Deep-sea diving. Waste management. Chemistry. Engineering. Municipal contracts. In his latest book, Neil Swidey brings together all these topics and more into a gripping story about the men and women who made Boston’s vision of a clean, safe harbor come true.
Trapped Under the Sea: One Engineering Marvel, Five Men, and a Disaster Ten Miles Into the Darkness is the product of years of research, countless hours of interviews, and solid story-telling. After reading this book, I had to know: How did you write that, Neil Swidey?
In this interview, Neil talks about:
- Where he found his idea.
- How he organized massive amounts of research.
- How to write clearly about highly technical subjects.
Neil: I was at a birthday party for one of my daughters’ friends about seven years ago, and began chatting with a lawyer friend from the neighborhood. When I asked him if he was working on any interesting cases, he mentioned that he had sat in on a deposition for a case involving divers who were sent to the end of an unventilated miles-long subsea tunnel. They had used Humvees for the first part of their journey and then continued on foot the rest of the way. The mission had taken place years earlier, but I was struck by why I had never heard of it. I soon discovered why. It had been overshadowed by the spotlight-dominating story at the time: the plane crash involving John F. Kennedy, Jr. But as soon as I started looking into this tunnel story, I was immediately hooked.
HDYWT: How did you begin work on this project?
Neil: I moved from my defense lawyer friend to the plaintiffs’ lawyers who had represented the surviving divers as well as the families of those divers who had been killed. That led me eventually to the surviving divers themselves. None of them had ever before spoken publicly about the horrors they had endured at the end of an unventilated, pitch-black, 10-mile-long tunnel built hundreds of feet below the ocean. So it took a good deal of effort to secure their trust.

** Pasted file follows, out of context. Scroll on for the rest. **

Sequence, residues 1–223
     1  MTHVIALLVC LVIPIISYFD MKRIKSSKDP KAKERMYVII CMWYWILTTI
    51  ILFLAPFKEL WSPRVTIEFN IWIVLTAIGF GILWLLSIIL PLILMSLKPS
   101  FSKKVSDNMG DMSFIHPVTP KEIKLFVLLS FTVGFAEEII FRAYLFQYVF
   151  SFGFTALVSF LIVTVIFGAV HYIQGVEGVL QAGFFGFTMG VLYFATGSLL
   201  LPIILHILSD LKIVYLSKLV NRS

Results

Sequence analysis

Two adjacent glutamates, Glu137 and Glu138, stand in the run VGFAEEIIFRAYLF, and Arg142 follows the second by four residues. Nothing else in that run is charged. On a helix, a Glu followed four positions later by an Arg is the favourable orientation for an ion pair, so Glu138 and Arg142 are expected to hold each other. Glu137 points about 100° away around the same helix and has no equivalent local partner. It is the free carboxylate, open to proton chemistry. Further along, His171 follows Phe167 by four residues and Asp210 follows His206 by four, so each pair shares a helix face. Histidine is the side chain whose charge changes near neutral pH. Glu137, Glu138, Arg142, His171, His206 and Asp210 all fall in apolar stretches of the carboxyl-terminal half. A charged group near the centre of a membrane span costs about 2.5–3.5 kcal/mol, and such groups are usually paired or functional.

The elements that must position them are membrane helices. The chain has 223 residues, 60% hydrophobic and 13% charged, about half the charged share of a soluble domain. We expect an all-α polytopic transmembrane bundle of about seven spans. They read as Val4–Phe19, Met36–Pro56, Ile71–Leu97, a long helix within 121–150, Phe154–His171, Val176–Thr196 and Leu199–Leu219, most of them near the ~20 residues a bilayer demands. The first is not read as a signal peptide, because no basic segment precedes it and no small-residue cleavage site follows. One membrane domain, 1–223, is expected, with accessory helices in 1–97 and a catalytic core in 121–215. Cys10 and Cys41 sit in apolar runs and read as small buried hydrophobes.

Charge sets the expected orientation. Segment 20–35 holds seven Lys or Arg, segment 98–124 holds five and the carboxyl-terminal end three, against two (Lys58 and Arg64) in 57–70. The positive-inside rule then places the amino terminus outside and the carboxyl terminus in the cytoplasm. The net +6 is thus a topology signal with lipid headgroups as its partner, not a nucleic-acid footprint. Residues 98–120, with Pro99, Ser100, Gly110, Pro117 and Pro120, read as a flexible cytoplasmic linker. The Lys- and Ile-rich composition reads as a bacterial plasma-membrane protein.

HDYWT: How do you organize your research?
Neil: Chronologically, mostly. I amassed an unholy amount of material as part of my research — not just thousands upon thousands of pages of documents, but also audio tapes, video tapes — documentary evidence of pretty much every kind. To bring some semblance of order to it, I created a series of massive, annotated chronologies, which I updated continually.
HDYWT: What does a typical day of research/writing/promotion look like?
Neil: Research days were generally exhausting but fascinating — on the move from morning until night, attaching myself to the hip of compelling people. Writing days were generally exhausting but enervating — a sedentary, solitary and sometimes soul-sapping exercise. But what a feeling of relief and accomplishment when it was all done! Promotion days have sometimes been tiring but have also provided a fantastic opportunity to connect with readers who are passionate about the book.
HDYWT: What are your favorite tools in your writer’s toolbox?
Neil: J.I. Rodale’s The Synonym Finder, which I find more useful and user-friendly than Roget or any other thesaurus. And like my writing teacher father used to tell me: Use a thesaurus only to help you identify the perfect word that was already hiding out somewhere in the back of your mind. Don’t use it to find a fancy word you wouldn’t otherwise use. (And when in doubt, cross reference with the dictionary — bound version, not online — to make sure it truly is the perfect word for the sentence.)
Bonus question: What is your advice for writers who are dealing with highly technical source material? How do you make it accessible for the reader?
Neil: Never pass on fogginess to your reader! Resist the temptation to fall back on jargon in order to hide something you don’t understand. Read your source material multiple times. Find people who are specialists but who are also effective translators, and lean on them for help in clearing up your fogginess.
Also: before you get too deep into your research, and long before you start understanding the field like an expert, write down the basic questions you had at the very beginning. Then, when you sit down to write, refer to that list of initial questions. That will refresh your memory on what seemed most opaque to you at the start, so you can make sure your explanations effectively clear the air.